Has Baby heard you telling him it’s important to stand up for himself and taken you literally? It’s exciting when your little one learns to pull himself up into a standing position, but once he has that newfound power, he will have to decide how he’s going to use it. For many babies, just after bedtime, or when they’re supposed to be taking naps, can seem like the perfect time to practice – and who can blame them? The top bar of the crib is generally the perfect height for babies to grab onto to pull themselves up.
Standing in protest
For babies who are already restless sleepers, or are on strike against naptime and bedtime, pulling themselves up into a standing position can feel like a great way to take a stand. For others, the appeal of standing up in the crib during naptime or after bedtime has more to do with how fun this new skill is – and it’s not their faults how much harder sitting back down is than standing up in the first place.
This means that there are a few different reasons a baby standing holding onto the rail of the crib might cry out for his parent or another caregiver. First, he is standing for the same reason he’s crying out – because he doesn’t want to lie down and sleep, he wants to get up and play. On the other hand, he might have pulled himself up for fun, or for practice, or to see if he could, and might be crying out for you because he needs help lying back down again.
Standing as sleep regression
For many babies, working on and passing important developmental milestones can have an effect on sleep, and pulling up is an important physical milestone, which means that some sleep regression or resistance is fairly common during this time, even if it looks a little more dramatic when he is resisting while standing on his own two feet.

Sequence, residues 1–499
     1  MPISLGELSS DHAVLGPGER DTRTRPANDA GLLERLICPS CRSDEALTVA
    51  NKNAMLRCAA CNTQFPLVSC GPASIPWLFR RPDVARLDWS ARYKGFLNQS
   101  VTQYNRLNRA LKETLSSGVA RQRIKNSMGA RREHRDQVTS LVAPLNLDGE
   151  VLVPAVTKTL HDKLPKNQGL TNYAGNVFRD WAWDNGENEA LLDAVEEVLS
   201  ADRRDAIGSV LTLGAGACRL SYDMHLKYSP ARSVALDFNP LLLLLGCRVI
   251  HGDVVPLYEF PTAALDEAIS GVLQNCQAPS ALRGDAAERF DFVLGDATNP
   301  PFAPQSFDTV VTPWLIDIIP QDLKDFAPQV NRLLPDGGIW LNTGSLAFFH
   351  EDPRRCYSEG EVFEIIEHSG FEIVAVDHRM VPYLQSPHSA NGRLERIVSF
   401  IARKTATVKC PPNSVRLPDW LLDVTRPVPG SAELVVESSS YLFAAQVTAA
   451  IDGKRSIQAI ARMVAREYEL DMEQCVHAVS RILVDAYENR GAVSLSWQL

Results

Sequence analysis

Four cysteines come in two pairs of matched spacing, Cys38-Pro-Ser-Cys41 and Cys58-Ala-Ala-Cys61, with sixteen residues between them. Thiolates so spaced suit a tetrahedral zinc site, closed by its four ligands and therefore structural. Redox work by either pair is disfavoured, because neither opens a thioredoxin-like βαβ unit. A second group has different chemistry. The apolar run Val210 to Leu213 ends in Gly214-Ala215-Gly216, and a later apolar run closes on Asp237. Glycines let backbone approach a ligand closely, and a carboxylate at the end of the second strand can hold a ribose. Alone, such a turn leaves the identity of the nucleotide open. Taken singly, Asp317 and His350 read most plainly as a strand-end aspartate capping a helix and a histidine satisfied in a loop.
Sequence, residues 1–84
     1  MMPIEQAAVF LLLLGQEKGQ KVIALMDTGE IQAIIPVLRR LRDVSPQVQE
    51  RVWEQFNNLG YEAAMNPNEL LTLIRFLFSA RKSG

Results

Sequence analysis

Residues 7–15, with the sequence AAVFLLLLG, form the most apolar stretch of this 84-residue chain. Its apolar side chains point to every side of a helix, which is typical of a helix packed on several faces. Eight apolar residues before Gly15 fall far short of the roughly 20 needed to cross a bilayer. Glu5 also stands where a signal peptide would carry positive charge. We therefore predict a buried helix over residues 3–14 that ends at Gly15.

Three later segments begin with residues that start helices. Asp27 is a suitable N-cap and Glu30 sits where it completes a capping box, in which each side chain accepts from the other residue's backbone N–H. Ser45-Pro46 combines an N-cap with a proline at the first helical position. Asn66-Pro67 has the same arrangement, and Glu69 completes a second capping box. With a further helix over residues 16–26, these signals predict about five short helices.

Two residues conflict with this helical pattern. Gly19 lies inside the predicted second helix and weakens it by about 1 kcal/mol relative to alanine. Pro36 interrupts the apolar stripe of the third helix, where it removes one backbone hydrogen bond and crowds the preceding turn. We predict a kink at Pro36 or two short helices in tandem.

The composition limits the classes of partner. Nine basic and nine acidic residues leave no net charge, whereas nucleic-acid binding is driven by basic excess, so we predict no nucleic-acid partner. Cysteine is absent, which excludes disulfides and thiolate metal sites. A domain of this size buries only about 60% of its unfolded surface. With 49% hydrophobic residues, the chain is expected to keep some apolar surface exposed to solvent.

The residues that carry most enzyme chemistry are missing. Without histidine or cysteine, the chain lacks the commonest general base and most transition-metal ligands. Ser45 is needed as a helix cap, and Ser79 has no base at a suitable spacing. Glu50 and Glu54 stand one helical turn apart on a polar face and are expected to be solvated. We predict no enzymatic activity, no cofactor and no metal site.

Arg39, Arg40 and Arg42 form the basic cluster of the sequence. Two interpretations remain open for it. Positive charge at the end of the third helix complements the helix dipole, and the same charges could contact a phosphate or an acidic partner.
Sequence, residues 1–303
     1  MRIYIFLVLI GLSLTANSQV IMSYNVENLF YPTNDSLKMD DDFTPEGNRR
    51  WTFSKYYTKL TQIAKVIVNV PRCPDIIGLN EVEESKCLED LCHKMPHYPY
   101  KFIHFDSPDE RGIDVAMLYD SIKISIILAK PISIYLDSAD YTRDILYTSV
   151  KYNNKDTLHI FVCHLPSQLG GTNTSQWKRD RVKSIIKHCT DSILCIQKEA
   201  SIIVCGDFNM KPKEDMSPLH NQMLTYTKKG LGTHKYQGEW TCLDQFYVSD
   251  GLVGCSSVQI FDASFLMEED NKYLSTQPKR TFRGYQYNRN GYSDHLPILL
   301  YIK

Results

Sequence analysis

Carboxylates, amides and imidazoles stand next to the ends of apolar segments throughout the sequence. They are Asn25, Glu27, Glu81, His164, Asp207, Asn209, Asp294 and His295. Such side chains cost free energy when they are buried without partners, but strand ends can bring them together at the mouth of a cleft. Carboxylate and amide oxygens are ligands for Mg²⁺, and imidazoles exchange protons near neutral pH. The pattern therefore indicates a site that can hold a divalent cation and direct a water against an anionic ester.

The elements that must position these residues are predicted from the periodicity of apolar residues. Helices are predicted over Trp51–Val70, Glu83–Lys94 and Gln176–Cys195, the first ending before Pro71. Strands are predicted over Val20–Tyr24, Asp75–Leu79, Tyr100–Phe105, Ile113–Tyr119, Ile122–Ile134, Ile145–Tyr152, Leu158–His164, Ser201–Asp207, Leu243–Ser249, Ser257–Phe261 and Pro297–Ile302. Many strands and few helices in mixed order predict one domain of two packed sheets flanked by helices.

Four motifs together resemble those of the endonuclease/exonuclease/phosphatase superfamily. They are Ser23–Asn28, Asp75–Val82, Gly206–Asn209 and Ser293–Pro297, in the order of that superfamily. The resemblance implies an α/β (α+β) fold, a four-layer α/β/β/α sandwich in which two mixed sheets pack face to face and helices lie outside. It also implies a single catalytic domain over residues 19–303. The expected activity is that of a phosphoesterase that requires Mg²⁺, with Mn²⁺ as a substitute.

Dealing with a stubborn stander
When it truly is time for Baby to sleep, but he just keeps standing, there are a few different strategies you can take, based on why Baby is standing and what his temperament is. The first option is the simplest – just to let Baby stand. If he seems pretty happy to be standing up, and he has plenty of time to fall asleep on his own time, you can just give him the chance to see if he will get bored, lie back down, and fall asleep on his own.
It’s possible that he’ll fall, but it’s unlikely that he’ll hurt himself. It can be tempting to put up bumpers to cushion the crib bars, but babies who are already feeling restless can use bumpers as steps to start climbing right out of their cribs, so adding bumpers can actually add an extra layer of risk, instead of a safety net.
If Baby is upset, or is stubborn enough that he is unlikely to give up and turn in on his own, try going in and lying him down for sleep again – and again, and again, and again. For the first few nights (or naps) you may feel like you spend more time lying Baby down again than you do sleeping, but after a few nights, Baby will probably have started to move on from his stand-and-deliver ways. If he hasn’t known how to sit back down again on his own, he will start to work that out, and if he was just in it for the thrill of trying a new skill, pulling into standing up will start to get old before too long.
A little bump from losing his balance when he is pulled up into a standing position isn’t much danger to your little one, but if he figures out how to climb out of his crib, that’s when things can start to get dangerous. If he is standing up in his crib, make sure the mattress is set as low as it will go, so that the railing is as high as possible. If he does figure out how to climb out, he might be ready to let the crib go in favor of a mattress on the floor.